UK Golf Retail Sales: Phil Barnard’s Q3 Update


As we head towards the end of the year, it’s a good time to reflect on what has happened during the main sales season. September is the last of the big months and the end of Q3. A strong year to date has set us up for good year-end and thoughts for 2022 are very present. Following significant momentum in Q2, which set a number of records, September finished off Q3 well. While on the annual basis only July was up on 2020, September was still a good month. In fact, at the end of Q3, the total market value was 30% up year to date on 2020 and, more significantly, over 6% up on 2019.


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While these numbers were strong they come at a time when the industry has faced some significant challenges. While there was no lockdown to prevent people playing golf, life has started returning to normal. As a consequence, there has been fewer golfers playing the game. As we can expect, the drop off has been bigger during the week than the weekend, which appears to have remained strong. The question for everyone at this point is, where will the tide set? Will it remain higher than it was or return to 2018/2019 levels.

Another significant challenge for the industry has been inventory. Not everything is within our control and shipping and factory closures in the East have provided a major challenge. The worst hit category this year has been Irons which has been the largest product category, year to date, for the last 3 years. Inventory is currently 25% down on 2020 and a staggering 48% down on 2019! This has hit sales and is illustrated by the fact that the Woods category has over taken Irons in the product mix this year.

While all categories are well up on 2020 this year with double digit growth, Apparel is still struggling in the longer term context. The lack of visitors is probably to blame for this and has meant that Apparel is 20% down overall versus a normal year of 2019. The affects of this drop will have been felt differently by brand depending on where they sell most of their products.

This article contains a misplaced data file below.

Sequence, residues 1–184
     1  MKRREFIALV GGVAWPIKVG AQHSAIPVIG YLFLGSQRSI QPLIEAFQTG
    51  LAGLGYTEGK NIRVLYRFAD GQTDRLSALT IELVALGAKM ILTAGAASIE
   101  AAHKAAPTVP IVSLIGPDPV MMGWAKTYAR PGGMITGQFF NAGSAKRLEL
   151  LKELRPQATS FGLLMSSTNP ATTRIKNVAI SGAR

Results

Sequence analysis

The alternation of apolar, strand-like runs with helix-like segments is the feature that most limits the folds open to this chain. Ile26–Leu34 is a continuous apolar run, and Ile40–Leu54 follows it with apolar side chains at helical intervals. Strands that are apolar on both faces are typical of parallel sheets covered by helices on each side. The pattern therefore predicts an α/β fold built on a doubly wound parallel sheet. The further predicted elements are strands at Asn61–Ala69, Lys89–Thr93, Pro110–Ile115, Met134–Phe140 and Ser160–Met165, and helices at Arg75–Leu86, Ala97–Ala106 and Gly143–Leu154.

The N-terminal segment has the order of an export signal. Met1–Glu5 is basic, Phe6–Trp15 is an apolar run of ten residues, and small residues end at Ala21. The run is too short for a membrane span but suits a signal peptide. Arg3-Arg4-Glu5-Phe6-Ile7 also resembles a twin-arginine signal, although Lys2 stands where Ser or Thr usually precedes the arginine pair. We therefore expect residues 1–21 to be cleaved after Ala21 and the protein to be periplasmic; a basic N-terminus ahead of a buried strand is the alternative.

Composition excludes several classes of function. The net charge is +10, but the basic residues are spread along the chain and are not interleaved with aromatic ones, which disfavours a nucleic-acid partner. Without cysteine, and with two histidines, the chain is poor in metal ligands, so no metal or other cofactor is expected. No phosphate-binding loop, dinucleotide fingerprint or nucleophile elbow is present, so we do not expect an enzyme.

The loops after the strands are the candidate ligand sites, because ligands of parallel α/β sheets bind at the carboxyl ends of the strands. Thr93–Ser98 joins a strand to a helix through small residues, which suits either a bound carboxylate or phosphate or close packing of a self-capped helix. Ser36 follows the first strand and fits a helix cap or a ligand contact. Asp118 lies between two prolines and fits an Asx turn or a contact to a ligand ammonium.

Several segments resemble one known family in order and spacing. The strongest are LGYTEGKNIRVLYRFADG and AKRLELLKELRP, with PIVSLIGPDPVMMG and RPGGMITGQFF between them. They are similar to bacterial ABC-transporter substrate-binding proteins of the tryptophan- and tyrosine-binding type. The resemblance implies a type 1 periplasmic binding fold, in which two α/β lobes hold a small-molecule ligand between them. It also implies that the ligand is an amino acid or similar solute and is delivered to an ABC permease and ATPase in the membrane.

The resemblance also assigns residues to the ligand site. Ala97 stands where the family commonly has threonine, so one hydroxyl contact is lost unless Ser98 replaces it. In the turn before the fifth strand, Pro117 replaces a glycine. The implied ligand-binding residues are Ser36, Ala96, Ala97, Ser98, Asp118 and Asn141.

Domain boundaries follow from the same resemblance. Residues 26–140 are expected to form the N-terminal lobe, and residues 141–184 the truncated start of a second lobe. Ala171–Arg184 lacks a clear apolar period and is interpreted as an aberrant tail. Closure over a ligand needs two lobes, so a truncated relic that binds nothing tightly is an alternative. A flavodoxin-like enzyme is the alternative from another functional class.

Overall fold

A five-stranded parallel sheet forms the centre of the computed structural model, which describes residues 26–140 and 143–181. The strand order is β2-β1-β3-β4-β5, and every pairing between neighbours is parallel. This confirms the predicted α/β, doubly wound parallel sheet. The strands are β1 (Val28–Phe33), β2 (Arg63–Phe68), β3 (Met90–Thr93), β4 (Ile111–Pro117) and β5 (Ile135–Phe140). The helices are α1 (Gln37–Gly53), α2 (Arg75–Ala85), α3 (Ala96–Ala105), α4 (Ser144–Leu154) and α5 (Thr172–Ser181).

Value, Volume and ASP

Year to date value is up in all categories.

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Value has been driven by both Average Sales Price (ASP) and Volume for most categories. ASP's have seen a dramatic increase and are up in every single category YTD versus 2020 and all but one are up versus 2019. Interestingly, 5 of the 7 Apparel categories have seen prices rise over 10% versus 2020.


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Year to date Units are up versus 2020 in all categories except Outerwear. Some of the changes are even more extreme than the pricing. Again Apparel has seen a large jump with Men's Shirts and Bottoms being ranked 1 and 3 in terms of growth. The other category that is up significantly is Balls which perhaps bodes well for the longer term. 

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Versus 2019, the trend is a little different with Clubs all being up – except for Putters. Balls are up and so are Trolleys. However Apparel is still lagging far behind so there is lots of opportunity for further growth.

How does this help me for next year?

Well, the main challenge for everyone in the industry is making smart decisions on what to buy for next year. Buy too much and tie up cash and be forced in to clearance. Don’t buy enough and miss out on sales. With the way things are going we should show some solid growth for 2021 versus all years. This has been driven by Value more than Units in most instances. So, it’s important that we factor this in to our planning.